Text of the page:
Although from this distance in time, evidence must be considered circumstantial –  it is highly likely John Ryan ‘the marines threatened to shoot him’ executed his friend.

‘The body hung for an hour and was then buried in a grave dug very near the gallows’. Clark. op cit.


‘Maximum ceremony’

Thomas Barrett’s execution was first of three (3) malicious acts played out over the following two (2) days.  The thoughts and feelings of all the onlookers can only be imagined.

Aborigines on home ground, silent and unseen, watched the sadistic ritual unfold. Strangers, fear-filled and bewildered, marooned 13,000 miles (21,000 km) from home where nothing but the gallows was familiar. See: Blind Mans Bluff

Battles of American War of Independance

‘I think with perseverance [this country] will answer every purpose proposed by Government, and that this Country will hereafter be a most Valuable acquisition to Great Britain from its situation’. Governor Arthur Phillip to William Petty, 2nd Earl Shelburne, Marquis of Lansdowne, 3 July 1788.  Oxford Book of Australian Letters, ed, Brenda Niall and John Thompson, Oxford University Press, London 1998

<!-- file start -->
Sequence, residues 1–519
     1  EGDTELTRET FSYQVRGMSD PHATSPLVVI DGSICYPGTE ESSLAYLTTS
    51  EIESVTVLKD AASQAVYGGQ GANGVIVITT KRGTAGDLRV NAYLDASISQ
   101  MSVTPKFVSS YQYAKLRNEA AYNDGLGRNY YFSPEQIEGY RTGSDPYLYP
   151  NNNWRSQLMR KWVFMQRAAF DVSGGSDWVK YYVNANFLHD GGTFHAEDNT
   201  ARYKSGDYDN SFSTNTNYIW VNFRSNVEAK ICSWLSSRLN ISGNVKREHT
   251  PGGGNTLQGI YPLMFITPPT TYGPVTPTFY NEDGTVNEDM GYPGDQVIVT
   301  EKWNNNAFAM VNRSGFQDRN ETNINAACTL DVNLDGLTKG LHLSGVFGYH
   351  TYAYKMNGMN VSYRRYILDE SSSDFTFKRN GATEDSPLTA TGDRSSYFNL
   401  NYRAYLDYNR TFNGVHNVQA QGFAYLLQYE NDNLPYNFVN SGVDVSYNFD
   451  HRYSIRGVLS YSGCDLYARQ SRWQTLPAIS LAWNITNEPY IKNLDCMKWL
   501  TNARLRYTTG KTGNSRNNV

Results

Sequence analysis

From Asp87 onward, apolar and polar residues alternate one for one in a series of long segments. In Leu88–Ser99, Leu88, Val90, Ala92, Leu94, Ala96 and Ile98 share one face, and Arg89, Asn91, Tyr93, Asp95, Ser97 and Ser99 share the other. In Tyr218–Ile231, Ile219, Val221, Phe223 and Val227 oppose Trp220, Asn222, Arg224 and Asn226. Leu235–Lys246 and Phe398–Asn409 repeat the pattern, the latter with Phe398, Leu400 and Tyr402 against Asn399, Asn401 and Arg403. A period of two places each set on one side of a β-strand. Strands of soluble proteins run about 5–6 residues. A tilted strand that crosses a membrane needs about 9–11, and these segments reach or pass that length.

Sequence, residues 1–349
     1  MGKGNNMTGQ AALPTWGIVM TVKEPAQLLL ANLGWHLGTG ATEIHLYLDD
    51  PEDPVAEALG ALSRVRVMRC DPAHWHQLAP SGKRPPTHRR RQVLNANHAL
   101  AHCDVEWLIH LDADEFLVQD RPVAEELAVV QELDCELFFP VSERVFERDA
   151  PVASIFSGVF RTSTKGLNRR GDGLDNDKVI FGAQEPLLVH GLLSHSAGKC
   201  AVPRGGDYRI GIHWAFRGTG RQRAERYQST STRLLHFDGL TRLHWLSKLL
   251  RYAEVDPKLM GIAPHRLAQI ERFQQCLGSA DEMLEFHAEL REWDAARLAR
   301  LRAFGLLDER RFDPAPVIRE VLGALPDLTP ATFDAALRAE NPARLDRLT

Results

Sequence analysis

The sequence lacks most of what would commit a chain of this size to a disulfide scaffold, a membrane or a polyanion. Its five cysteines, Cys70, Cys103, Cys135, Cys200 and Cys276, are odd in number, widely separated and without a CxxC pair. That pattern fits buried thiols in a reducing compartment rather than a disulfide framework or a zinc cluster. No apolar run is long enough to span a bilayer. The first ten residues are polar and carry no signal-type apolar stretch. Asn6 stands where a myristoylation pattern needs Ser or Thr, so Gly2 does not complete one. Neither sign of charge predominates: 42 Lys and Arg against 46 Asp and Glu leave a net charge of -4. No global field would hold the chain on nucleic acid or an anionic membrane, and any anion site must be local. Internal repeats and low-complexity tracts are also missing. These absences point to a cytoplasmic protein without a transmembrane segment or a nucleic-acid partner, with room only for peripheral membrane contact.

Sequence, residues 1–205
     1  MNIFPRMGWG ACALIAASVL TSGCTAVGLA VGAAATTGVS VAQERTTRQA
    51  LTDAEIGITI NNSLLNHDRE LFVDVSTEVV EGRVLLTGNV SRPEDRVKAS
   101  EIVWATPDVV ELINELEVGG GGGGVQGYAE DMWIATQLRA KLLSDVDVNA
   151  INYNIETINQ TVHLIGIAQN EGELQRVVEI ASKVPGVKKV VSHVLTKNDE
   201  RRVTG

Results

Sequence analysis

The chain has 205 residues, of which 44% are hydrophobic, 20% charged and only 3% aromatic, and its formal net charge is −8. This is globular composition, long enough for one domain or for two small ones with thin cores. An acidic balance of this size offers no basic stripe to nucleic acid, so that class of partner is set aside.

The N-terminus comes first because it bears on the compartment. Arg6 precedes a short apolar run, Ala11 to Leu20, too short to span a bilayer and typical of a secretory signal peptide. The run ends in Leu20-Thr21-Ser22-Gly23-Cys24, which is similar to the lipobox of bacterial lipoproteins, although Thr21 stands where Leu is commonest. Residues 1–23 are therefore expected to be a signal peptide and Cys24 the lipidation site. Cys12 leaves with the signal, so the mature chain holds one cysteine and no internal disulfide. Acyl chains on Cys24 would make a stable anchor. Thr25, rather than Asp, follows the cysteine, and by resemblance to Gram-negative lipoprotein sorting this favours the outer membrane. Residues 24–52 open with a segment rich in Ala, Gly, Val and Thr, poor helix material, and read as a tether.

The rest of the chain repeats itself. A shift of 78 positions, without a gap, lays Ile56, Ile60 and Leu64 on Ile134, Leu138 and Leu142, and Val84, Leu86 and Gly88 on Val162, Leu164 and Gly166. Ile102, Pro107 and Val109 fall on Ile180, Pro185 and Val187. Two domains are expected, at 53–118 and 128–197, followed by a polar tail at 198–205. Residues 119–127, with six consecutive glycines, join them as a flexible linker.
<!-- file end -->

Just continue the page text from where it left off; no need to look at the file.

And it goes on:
France had, following America’s Declaration of Independence in 1776, supported George Washington’s Patriot militia with massive amounts of money, men and munitions.

‘The Declaration was not meant for King George 111. The British monarch had already gotten the message…Instead [it] was written as a call for help from France and Spain’. Larrie D. Ferreiro, Brothers at Arms, Intro. American Independence and the Men of France and Spain Who saved it. Vintage Press, Penguin Random House. 2016

So much military hard-ware and, naval support flowed to George Washington’s Patriots and, to such an extent, that Britain quite rightly held France responsible for the loss of her ’empire in the west’ –  the colonies of New York, Connecticut, New Hampshire, New Jersey, Massachusetts, Maryland, Pennsylvania, Virginia,  Rhode Island,  North and South Carolina, Delaware and Georgia.

The profound humiliation of defeat aroused great passion in every British Royalist.  But post-war (1783) when France revived her ‘enthusiasm for war’ ramped up  ship-building and copper sheathed the hulls of exiting stock for greater speed and manoeuvrability, the deep hatred Britons reserved for the arch-enemy across the Channel, reached fever pitch.